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Doctors, Patients Face Different Barriers to Clinical Trials (continued)

Role of Primary Care Physicians
Ninety percent of the primary care physicians who responded to the Harris survey stated they would like to see more of their patients participate in clinical trials. But a third study, suggests that primary care providers may not feel suited to handling clinical trial matters. In a series of NCI-sponsored focus groups conducted during June and July of 2000, 48 primary care physicians and nurse practitioners discussed their views regarding clinical trials.

Most of this group believed that oncologists were better suited to discuss cancer clinical trials with patients. The primary care providers didn't feel they had the time to learn about studies, discuss them with patients, or do the necessary paperwork. Some had the perception that clinical trials are inferior to standard care, appropriate only if other treatments fail. Also, many had misconceptions about placebos, concerned that their patients would be assigned to receive no treatment. Only one thought patients might get better care by participating in a trial.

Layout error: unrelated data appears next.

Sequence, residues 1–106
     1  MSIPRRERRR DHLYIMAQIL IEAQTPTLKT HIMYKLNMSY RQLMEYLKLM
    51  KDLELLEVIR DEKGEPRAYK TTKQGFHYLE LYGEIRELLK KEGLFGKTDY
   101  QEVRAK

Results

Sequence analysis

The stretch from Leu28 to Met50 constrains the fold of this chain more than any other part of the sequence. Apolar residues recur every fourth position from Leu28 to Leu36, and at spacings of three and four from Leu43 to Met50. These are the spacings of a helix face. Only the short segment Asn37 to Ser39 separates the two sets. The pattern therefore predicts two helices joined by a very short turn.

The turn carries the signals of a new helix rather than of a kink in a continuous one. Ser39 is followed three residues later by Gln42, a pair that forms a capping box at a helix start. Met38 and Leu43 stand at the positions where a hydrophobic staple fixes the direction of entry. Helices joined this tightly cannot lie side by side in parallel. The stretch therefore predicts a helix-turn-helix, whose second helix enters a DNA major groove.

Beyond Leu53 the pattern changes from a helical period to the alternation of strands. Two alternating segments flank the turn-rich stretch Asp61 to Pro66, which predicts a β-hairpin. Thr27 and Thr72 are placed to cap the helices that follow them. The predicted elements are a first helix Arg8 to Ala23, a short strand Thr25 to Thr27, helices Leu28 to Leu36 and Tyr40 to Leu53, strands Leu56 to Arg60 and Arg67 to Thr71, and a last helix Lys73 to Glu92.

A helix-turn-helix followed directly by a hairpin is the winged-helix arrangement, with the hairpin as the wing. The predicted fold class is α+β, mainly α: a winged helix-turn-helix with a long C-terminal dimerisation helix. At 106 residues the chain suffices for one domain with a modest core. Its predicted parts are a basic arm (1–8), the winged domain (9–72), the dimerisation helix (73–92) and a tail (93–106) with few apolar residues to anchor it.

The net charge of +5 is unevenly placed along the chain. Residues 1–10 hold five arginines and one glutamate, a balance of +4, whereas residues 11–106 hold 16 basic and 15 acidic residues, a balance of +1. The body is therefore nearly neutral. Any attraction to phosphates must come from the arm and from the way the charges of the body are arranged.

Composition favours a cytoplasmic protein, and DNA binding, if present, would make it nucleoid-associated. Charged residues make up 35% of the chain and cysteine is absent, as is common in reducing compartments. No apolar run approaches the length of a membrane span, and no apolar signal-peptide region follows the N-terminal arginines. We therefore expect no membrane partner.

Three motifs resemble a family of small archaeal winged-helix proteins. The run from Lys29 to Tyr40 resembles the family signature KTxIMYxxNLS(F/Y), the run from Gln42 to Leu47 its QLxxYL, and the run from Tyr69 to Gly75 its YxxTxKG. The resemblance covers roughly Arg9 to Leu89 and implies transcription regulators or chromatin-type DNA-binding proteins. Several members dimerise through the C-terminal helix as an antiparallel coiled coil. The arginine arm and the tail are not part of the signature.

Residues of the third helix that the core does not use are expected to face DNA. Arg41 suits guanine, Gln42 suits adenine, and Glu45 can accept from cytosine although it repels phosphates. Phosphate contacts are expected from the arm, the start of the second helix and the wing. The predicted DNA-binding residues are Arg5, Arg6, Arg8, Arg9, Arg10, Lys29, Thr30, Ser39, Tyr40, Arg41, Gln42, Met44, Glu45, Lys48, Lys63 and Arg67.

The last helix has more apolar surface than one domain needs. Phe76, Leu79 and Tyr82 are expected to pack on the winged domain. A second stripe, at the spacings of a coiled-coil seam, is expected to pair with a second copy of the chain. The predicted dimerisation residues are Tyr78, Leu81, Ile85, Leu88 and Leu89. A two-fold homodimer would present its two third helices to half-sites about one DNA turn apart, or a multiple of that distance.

However, primary care providers did express a strong interest in learning more about trials studying the prevention of cancer, such as the Study of Tamoxifen and Raloxifene (STAR) to prevent breast cancer. They thought that if they had easy access to information about clinical trials in their local area, especially prevention trials, they would be better equipped to discuss trial participation with their patients.

Time for Action
"These surveys have defined the issues," Comis said. There is "enough information to move" toward three obvious targets: "We have to raise the level of awareness among patients and doctors, address the real, legitimate problems of the doctors, and bring the level of resources up to what is required."

Public awareness programs on cancer trials are being planned by the partners of the Summit Series on Clinical Trials, a group working to improve the understanding of cancer clinical trials and the National Dialogue on Cancer, a group that brings together principal leaders of key national cancer organizations, agencies and institutions from the public, private and non-profit areas.

The National Cancer Institute (NCI) is doing its part, too. Under a new national system, the NCI hopes to change the way it develops, conducts, reviews and supports clinical trials.

Part of this new system includes the Cancer Trials Support Unit (CTSU),which is designed to make it easier to enrollment patients into clinical trials. The CTSU provides participating physicians with a single access point to the NCI's entire phase III clinical trials system, and helps with access to protocols, training, and educational information. Additionally, NCI is developing education initiatives to better inform physicians, nurses and the public about clinical trials.